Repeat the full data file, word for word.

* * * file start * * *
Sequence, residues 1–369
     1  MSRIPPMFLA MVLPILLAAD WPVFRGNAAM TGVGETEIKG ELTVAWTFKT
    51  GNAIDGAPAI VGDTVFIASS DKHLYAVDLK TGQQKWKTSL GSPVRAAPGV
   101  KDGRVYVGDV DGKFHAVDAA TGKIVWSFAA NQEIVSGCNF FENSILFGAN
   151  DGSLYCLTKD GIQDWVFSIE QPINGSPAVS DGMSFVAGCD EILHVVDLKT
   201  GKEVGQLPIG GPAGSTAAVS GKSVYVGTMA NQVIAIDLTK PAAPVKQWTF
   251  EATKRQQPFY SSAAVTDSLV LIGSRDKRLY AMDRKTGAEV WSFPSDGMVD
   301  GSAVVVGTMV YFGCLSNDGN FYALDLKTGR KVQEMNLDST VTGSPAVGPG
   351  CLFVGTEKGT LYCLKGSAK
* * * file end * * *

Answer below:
Sequence, residues 1–369
     1  MSRIPPMFLA MVLPILLAAD WPVFRGNAAM TGVGETEIKG ELTVAWTFKT
    51  GNAIDGAPAI VGDTVFIASS DKHLYAVDLK TGQQKWKTSL GSPVRAAPGV
   101  KDGRVYVGDV DGKFHAVDAA TGKIVWSFAA NQEIVSGCNF FENSILFGAN
   151  DGSLYCLTKD GIQDWVFSIE QPINGSPAVS DGMSFVAGCD EILHVVDLKT
   201  GKEVGQLPIG GPAGSTAAVS GKSVYVGTMA NQVIAIDLTK PAAPVKQWTF
   251  EATKRQQPFY SSAAVTDSLV LIGSRDKRLY AMDRKTGAEV WSFPSDGMVD
   301  GSAVVVGTMV YFGCLSNDGN FYALDLKTGR KVQEMNLDST VTGSPAVGPG
   351  CLFVGTEKGT LYCLKGSAK